October 18, 2001

Lecturer: Larry Ruzzo

Notes: Tobias Mann

- Literature
traced back to Aristotle
- Linnaeus
developed a taxonomy, using qualitative features
__Numerical Taxonomy__, by Sokal and Sneath, stressed using numerical measurements and techniques for taxonomy. Published 1963.- Lots
of work in the 60’s and 70’s, less in the 80’s. Microarray data and web
data brought a new resurgence in clustering research in the 90’s.

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- Clustering
genes by using experimental conditions as features can reveal groups of
similar genes
- Clustering
conditions by using genes as features can reveal distinctions correlated
with gene expression (i.e. like distinguishing different cancer types)
- Clustering
genes then features can reveal mutual correlations

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- Model
based clustering uses data to estimate model parameters. Choosing an
appropriate model for a dataset is difficult. Common models include
mixture of Gaussian distributions and mixture of t-distributions.
- Hierarchical
Clustering uses a distance function to agglomerate groups of genes. This
variety of clustering doesn’t typically have an underlying statistical
model. There are many variations of hierarchical clustering.

- Start with each point in its own cluster
- Find the most similar pair of clusters, and combine them
- Repeat step 2 until finished.

This algorithm raises an immediate issue, which is how to determine when the algorithm should terminate. Popular choices include stopping when all data is incorporated into a tree, and stopping when there is a qualitative change in the distance between candidate clusters (for instance, when you go from merging clusters which are all close together to merging clusters which are comparatively quite distant).

Suppose
you have two clusters, X (with points x_{i}, 1<i<N), and Y (with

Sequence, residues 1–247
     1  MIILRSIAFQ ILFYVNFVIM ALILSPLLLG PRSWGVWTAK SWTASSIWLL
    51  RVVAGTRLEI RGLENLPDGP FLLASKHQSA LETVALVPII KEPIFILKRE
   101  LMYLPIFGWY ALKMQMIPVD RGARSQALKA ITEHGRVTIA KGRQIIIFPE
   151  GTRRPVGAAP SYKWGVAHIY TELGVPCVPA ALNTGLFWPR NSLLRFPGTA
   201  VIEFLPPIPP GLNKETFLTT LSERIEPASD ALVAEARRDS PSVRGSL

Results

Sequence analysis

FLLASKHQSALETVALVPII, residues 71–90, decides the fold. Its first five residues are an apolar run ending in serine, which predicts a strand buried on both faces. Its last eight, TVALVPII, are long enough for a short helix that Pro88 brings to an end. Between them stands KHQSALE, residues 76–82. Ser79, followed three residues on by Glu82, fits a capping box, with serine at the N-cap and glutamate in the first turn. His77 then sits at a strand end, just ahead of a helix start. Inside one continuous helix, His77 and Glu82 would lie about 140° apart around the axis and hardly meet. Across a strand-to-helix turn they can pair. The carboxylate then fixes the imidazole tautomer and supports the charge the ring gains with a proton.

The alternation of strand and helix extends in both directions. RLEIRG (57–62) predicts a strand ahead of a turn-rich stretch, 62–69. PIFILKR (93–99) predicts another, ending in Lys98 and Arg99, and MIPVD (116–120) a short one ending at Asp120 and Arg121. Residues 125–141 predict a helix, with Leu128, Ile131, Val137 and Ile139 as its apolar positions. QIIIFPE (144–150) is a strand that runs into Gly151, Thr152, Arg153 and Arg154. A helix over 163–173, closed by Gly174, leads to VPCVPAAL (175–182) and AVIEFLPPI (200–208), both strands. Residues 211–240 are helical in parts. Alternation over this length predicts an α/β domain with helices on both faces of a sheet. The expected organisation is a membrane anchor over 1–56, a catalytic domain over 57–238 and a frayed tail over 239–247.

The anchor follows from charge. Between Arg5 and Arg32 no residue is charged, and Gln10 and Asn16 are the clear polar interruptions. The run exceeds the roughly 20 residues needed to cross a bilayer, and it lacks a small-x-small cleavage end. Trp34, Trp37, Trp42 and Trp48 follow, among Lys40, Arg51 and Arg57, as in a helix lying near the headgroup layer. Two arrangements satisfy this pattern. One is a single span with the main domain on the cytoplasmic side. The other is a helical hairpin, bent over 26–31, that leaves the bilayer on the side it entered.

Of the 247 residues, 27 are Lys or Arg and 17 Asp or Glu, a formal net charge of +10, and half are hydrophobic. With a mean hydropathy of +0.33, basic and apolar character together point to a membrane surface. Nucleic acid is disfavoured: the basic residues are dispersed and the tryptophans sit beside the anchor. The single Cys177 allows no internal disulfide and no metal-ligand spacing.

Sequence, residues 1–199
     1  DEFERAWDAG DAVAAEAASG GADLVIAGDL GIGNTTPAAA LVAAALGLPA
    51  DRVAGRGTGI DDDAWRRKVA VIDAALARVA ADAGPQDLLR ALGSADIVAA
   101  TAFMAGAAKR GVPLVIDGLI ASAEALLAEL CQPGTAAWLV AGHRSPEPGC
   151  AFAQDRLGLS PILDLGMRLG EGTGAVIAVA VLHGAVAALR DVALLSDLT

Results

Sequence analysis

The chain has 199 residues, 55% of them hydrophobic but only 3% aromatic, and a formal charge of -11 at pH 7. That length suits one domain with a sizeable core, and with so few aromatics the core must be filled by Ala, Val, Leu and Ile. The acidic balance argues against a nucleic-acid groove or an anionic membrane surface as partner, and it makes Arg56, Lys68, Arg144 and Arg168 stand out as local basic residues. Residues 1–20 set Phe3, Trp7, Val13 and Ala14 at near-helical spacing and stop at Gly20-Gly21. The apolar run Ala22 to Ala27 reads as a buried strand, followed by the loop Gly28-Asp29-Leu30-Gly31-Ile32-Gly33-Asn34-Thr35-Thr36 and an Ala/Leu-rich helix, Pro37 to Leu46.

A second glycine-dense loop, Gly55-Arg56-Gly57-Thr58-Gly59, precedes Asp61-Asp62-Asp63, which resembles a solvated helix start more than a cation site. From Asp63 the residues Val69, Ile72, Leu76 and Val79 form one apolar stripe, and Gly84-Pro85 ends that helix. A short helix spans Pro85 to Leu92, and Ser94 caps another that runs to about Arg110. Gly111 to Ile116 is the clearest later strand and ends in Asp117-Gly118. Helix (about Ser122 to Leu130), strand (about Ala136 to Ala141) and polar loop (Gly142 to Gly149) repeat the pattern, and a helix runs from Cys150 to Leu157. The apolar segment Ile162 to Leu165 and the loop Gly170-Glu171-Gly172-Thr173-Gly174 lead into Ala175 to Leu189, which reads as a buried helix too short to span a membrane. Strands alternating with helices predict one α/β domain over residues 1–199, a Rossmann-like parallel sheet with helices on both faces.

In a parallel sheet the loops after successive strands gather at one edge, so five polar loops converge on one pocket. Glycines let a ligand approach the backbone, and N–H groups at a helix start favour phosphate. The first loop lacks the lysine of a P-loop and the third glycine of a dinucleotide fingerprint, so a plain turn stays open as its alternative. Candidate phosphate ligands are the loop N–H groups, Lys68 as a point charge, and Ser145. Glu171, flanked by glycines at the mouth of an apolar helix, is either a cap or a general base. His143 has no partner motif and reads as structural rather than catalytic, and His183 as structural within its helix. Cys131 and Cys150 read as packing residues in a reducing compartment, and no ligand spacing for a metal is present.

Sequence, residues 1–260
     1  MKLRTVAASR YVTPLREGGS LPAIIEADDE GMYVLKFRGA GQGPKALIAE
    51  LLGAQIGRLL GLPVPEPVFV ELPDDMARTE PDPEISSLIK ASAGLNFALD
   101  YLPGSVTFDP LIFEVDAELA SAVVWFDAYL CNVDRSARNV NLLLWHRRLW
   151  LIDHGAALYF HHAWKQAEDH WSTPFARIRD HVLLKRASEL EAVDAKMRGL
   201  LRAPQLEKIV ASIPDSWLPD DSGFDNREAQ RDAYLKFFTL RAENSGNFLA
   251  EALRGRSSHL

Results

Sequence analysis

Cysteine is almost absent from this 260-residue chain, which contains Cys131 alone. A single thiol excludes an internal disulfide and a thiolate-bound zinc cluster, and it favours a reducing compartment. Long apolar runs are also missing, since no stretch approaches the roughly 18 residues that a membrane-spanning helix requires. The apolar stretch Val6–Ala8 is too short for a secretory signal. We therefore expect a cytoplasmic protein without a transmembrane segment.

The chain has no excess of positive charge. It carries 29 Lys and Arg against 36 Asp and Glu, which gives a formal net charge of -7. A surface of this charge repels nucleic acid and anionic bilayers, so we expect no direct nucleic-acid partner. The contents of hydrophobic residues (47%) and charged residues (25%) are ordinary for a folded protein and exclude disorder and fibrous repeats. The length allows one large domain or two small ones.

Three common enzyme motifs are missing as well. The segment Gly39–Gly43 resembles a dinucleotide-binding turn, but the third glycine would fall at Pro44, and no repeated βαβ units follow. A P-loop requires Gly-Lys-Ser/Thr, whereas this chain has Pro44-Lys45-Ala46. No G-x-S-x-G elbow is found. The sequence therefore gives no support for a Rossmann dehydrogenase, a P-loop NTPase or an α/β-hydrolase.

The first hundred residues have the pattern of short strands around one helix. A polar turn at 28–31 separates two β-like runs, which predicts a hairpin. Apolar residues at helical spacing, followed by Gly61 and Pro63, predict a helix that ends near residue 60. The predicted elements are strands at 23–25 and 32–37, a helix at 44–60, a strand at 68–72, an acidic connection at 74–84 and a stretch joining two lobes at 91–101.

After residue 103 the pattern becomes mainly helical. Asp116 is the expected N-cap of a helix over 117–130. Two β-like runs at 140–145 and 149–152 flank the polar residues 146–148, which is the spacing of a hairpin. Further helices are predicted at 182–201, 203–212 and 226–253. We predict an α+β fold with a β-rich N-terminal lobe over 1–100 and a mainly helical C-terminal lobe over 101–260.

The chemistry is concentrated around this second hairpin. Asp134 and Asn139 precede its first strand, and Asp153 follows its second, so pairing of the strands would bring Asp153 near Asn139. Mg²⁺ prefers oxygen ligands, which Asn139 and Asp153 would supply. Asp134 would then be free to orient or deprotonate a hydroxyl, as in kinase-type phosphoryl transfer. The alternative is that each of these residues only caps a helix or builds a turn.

points y_{j},1<j<M). Let d(x_{i},y_{j}) be a
distance function between points in the data set. The following are ways to
compute distances between two clusters as a function of the distances between
the points in the two clusters.

**Single Link:**The single link distance is the minimum over all i and j of d(x_{i},y_{j})**Complete Link:**The complete link distance is the maximum over all i and j of d(x_{i},y_{j})**Average Link:**The average link distance is the mean over all i and j of d(x_{i},y_{j})**Centroid Link:**The centroid link distance is the distance function applied to the centroid of each cluster: d(mean(x_{i}),mean(y_{j})).

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**Notes on Hierarchical Clustering Algorithm Behavior**

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- Single
link usually yields sprawling clusters
- Complete
link usually yields compact clusters
- Others
are in between these extremes
- Average
link and complete link are hard to distinguish
- Single
link does badly in practice
- These
algorithms can be unstable when points are added to the dataset
- These
algorithms run in approximately O(N
^{2}) to O(N^{3}) time, but there are many implementation strategies to speed up computations.

Pros:

- Simple
and intuitive
- Fast
- Works
well on simple data
- no
preconception about structure
- deterministic

Cons:

- No
model, unclear as to what structure is found
- Algorithms
are greedy and can get trapped in local minima

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